In her role as a “mother goddess”, she was scheduled to be killed at the age of 52, by her daughter, who would then take over the role. [Does this mean Arizona killed her mother? I suspect not – must be some kind of reptilian loophole there. Handwave, handwave…] But after Mengele’s death in the 1980’s, the psychological noose around her neck loosened, and she escaped the cult’s clutches, going into therapy. [Another warning sign, given the ability of therapists to make anyone believe anything] Subsequently, she’s been harassed, beat up, and even drugged – a test showed positive for cocaine even though she claims never to have taken it.

Well, where to start? The complete lack of corroborating evidence she provided, to begin with – for example, the alleged beatings become less significant given her admission that she has engaged in self-mutilation. You might think that with so many years operating at the highest levels of the global conspiracy, she would have some proof: photos, documents, anything. No. Not even a shape-shifting paperclip. We have only her testimony to go on. My rule of thumb is that the more outrageous your claims, the more I require to back them up. Wilder rates a 10 for outrageousness, but there’s more convincing support for pixies and unicorns than for her view of the world.

Is this the man who abused Wilder?
No, it’s Gregory Peck playing Mengele in The Boys From Brazil. But Peck was probably involved too…

She claims to have been one of only three mother goddesses in the world. This, and how she was trained by Joseph Mengele himself (though could she tell us with any degree of authority what he looked like?), reminds me of the way that mentally ill people always believe themselves to be Napoleon, never Napoleon’s boot-boy. Given Wilder herself puts the number of ‘programmed’ individuals in the United States alone at ten million, the odds of her being such a high-ranking figure are ludicrously high.

Of course, the programmed include her parents and sisters – presumably a defence against anyone tracking them down and hearing their denials. Tied in with her supposed high-level role, her family are no commoners either, but “bloodline” – related (illegitimately, naturally – any ‘proper’ connection could be easily investigated) to the Rothschilds, and originating from the South of France. Yes, throw some Holy Blood and the Holy Grail into the mix, though you may be forgiven for feeling Wilder’s universe is closer to Monty Python and the Holy Grail.

I’m far from the only doubter: former Icke associate Ivan Fraser wrote in an article that, “her facts were either regularly wrong, or so full of spin that she was hardly credible.” He also mentions Wilder’s claim that the royal lizards change back when they sleep, which must have made Prince Charles’ time at Gordonstoun public school and in the armed forces very entertaining for those sharing his sleeping quarters…

‘Control freak’ Cathy O’Brien, with her minder, Mark Phillips

The most charitable explanation is that she was indeed abused horribly as a child, and her psyche has latched on to Icke’s reptilians as a way to rationalise her suffering. Under this hypothesis, she truly believes what she says. Slightly less kind, she could merely be an attention seeker who loves the sympathy of an attentive audience, and finds making outrageous claims a good means to that end. Worst of all…well, if someone out there actually is engaged in mind-control work (and that is not as far-fetched as you’d like to think), what better way to cover it up? Make wild, ludicrous claims, linking the topic to trans-dimensional aliens, Nazis and Satanists, and the general population will eventually believe it to be the domain of cranks and kooks.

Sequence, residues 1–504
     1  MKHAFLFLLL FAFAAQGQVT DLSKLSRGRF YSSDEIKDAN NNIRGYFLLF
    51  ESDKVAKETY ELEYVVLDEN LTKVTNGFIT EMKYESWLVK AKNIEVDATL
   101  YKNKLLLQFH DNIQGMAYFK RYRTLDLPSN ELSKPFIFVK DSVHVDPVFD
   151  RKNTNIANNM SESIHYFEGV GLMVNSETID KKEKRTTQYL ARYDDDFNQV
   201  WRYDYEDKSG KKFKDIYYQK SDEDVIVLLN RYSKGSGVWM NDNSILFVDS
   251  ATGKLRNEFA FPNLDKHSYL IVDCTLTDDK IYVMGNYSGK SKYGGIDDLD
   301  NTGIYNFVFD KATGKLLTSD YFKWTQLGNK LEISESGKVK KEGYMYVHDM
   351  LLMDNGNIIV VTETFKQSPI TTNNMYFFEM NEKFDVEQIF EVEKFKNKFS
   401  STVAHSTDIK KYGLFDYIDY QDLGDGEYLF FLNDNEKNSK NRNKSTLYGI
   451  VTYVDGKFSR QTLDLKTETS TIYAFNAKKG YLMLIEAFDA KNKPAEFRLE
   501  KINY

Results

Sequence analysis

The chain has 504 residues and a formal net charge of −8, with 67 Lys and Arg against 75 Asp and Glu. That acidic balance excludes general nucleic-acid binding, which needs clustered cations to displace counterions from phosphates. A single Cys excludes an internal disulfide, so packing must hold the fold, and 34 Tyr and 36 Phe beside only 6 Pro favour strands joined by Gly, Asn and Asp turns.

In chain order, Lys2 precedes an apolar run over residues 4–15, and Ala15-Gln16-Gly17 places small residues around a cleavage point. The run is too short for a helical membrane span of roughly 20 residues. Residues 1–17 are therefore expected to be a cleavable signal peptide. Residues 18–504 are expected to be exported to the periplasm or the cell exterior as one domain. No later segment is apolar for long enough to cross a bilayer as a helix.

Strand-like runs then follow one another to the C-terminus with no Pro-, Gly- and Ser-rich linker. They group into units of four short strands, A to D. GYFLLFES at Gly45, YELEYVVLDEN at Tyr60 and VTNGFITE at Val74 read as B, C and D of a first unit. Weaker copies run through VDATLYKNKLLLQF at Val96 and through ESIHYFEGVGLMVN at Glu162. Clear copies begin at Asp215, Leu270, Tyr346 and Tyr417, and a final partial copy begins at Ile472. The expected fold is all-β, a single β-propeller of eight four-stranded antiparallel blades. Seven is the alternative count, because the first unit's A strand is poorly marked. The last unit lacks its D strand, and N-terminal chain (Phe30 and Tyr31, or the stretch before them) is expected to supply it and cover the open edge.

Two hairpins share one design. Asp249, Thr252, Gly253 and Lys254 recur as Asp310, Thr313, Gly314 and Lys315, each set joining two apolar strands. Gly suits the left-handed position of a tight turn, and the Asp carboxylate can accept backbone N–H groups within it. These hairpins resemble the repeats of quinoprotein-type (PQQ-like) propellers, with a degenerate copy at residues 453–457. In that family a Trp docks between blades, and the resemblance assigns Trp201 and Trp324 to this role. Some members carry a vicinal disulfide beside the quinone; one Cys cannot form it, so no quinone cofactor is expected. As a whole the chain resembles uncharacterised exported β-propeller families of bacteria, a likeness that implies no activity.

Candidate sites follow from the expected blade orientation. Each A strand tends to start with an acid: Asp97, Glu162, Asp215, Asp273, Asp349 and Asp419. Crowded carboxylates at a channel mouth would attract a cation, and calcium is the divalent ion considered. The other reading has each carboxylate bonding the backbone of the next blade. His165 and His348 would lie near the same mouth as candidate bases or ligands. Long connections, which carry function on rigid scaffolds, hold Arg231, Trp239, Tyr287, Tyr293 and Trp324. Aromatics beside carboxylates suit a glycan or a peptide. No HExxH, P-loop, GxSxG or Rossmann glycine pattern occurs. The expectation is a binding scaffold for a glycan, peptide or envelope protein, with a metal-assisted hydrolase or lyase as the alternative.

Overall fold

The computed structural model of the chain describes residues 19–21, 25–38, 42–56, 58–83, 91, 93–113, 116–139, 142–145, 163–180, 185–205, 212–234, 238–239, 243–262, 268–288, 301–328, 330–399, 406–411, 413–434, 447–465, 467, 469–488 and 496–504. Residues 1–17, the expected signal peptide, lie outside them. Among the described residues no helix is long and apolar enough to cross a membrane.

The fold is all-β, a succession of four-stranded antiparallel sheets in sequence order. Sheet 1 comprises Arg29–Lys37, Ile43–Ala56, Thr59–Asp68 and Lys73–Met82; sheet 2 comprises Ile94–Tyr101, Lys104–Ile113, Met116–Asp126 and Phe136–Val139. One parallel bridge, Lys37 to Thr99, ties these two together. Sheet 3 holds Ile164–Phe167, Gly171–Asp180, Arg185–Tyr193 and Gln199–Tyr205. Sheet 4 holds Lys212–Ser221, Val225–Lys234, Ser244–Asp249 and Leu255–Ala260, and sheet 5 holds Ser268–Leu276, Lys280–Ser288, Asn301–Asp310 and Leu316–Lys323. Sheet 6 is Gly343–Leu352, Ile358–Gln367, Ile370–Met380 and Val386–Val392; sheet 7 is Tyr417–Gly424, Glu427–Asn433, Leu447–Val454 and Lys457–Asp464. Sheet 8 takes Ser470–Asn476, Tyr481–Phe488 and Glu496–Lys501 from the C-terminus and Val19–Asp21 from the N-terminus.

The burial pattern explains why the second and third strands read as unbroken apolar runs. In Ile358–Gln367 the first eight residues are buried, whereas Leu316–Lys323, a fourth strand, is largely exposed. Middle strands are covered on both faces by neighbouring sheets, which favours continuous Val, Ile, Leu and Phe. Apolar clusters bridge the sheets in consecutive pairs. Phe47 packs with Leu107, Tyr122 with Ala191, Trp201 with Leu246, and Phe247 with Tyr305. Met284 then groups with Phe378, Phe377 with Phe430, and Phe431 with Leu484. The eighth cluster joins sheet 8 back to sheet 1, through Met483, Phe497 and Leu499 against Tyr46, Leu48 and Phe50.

In this light, I am particularly curious about Wilder’s minder, the unseen “Miss Pinky”. What is her precise role? Wilder isn’t the only one to have such an associate lurking nearby – Cathy O’Brien, another alleged mind control victim, is rarely seen outside the company of ex-intelligence agent Mark Philips. Another figure of interest is Brian Desborough, who may have directed David Icke towards the reptilian theory, and subsequently introduced Wilder to him, a convenient “witness” to back up the facts. Perhaps significantly, Desborough has written articles on mind control.

By writing this piece, I probably become part of the conspiracy against her, and my claim to be merely a sarcastic, sceptical Scotsman should be viewed with scepticism. However, she claims to be serving her purpose and destiny, and so I guess I’m just doing the same thing by treating her story with the suspicion it deserves. Her presentation at Conspiracy Con was entitled Deceived No More – but does that more accurately apply to the speaker or the audience?

A reader writes:

“I ran into your page about Arizona Wilder – I recently had the ‘extinct’ honor or working with this mentally ill person, she was my Charge Nurse on a psychiatric unit. [I call it extinct because I no longer work there – I’m a nurse as well.] The second day I knew her, she was telling me and other co-workers her history with the so-called Illuminati… She turned out to be one of the most annoying people I have spent 8 hours a day with. I am now free of Arizona’s interactions and that snake pit. I am thankful every day I didn’t end up an appetizer for the queen of England!”